Mr. Gresham to Mr. Terrell.

No. 251.]

Sir: I have to acknowledge the receipt of your No. 305, of the 17th ultimo, in relation to the rules observed by foreign countries in the naturalization of Turks, and the bearing which the present policy of this Government has upon its relations with the Ottoman Porte.

The Government of the United States and the American people are too firmly committed to the principle of the right of expatriation to be willing to abandon it in our negotiations with the Ottoman Empire. The question has been so fully and ably discussed, notably in Mr. Bayard’s instruction to your predecessor, Mr. S. S. Cox, under date of November 28, 1885,1 that it would seem unnecessary to repeat here the arguments in favor of the contention of this country beyond quoting the following passage:

The question is, in its broadest aspect, one of conflict between the laws of sovereign equals. The authority of one is paramount within its own jurisdiction. We recognize expatriation as an individual right. Turkey, almost solely among nations, [Page 765] holds to the generally abandoned doctrine of perpetual allegiance. Turkey can no more expect us to renounce our fundamental doctrine in respect of our citizens within her territory than she could expect to enforce her doctrines within the United States, by preventing the naturalization hereof a Turk who emigrates without the authorization of an imperial iradé.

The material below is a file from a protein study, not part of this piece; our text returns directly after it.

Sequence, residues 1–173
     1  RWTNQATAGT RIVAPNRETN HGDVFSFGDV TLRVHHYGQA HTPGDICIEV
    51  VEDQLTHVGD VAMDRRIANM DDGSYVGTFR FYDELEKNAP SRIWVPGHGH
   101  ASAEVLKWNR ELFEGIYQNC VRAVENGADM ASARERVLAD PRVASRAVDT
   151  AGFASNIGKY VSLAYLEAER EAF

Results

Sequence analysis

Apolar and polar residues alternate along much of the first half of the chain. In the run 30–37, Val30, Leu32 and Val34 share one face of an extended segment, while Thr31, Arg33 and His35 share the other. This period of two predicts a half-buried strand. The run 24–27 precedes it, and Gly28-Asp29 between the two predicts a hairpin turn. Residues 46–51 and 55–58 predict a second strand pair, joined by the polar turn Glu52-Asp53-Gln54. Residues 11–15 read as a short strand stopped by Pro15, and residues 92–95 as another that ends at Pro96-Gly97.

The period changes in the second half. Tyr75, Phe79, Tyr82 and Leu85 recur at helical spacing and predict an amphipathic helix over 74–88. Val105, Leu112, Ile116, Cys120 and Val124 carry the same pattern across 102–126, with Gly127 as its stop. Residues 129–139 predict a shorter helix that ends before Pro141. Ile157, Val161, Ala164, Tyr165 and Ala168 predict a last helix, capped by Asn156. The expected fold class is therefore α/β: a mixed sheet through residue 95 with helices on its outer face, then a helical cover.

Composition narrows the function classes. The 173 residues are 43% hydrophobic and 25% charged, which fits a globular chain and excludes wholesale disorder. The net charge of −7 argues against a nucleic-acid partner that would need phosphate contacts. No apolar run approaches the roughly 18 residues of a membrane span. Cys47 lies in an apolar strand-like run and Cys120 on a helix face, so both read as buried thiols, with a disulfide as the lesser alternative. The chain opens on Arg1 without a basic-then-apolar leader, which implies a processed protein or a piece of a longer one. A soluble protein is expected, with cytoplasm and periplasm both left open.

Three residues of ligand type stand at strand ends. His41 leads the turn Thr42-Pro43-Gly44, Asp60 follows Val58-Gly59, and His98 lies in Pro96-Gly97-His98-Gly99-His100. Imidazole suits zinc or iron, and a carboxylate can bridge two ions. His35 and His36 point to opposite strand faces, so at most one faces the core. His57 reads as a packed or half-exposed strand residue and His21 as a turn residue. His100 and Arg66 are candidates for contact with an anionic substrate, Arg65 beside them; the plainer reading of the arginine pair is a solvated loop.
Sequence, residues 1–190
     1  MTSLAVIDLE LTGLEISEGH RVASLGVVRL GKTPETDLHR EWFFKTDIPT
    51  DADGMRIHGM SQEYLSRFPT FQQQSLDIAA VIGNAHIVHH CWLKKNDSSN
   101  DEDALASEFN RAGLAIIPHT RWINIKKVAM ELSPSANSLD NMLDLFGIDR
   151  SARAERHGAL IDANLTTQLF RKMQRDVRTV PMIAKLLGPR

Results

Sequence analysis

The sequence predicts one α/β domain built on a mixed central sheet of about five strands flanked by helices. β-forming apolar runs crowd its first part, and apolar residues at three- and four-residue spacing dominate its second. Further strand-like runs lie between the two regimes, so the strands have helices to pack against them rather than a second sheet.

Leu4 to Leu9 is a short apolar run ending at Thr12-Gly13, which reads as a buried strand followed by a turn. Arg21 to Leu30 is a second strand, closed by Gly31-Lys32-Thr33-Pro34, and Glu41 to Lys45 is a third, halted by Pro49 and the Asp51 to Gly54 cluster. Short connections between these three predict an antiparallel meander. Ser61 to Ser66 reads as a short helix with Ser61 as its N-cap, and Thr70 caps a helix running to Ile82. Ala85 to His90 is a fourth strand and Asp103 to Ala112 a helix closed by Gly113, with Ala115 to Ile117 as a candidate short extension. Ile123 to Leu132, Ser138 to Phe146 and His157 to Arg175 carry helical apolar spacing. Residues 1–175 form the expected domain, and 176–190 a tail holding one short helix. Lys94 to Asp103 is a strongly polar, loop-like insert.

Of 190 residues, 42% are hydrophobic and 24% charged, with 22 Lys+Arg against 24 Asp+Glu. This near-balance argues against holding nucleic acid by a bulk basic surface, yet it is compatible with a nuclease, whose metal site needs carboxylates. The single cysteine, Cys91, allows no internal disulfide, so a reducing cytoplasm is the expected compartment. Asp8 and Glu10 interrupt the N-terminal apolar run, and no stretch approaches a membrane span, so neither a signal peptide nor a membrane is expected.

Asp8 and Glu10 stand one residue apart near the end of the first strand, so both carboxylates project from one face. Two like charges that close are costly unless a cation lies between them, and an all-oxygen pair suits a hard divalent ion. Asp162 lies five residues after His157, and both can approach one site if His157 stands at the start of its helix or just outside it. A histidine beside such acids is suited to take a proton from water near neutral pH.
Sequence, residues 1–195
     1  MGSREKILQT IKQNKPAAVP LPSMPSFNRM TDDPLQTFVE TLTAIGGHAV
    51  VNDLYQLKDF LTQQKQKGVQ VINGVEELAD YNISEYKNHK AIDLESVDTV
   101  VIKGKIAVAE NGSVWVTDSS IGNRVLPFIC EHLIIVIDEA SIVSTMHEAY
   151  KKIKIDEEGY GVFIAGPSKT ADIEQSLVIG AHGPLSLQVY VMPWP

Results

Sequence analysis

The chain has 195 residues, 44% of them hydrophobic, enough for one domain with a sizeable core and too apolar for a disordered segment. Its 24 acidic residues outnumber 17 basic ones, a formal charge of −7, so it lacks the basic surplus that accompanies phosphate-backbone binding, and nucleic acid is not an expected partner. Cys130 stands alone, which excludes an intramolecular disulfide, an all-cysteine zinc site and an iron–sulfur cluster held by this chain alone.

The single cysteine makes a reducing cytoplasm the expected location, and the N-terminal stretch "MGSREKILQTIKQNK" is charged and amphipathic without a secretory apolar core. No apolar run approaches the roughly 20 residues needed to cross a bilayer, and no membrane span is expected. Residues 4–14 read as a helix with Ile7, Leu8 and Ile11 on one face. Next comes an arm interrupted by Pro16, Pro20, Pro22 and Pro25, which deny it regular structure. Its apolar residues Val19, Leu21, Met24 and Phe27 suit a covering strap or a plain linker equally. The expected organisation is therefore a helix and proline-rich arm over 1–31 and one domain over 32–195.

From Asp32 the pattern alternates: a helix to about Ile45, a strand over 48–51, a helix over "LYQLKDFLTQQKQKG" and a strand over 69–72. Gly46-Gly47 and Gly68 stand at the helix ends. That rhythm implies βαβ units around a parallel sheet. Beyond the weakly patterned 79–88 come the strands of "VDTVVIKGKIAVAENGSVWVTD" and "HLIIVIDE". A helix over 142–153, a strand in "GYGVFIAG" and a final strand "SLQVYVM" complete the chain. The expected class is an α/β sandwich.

As to the question of preventing the influx into the United States of aliens dangerous to the peace of the country, we must look to other means of excluding them than by abandoning the doctrine of the right of expatriation.

I am, etc.,

W. Q. Gresham.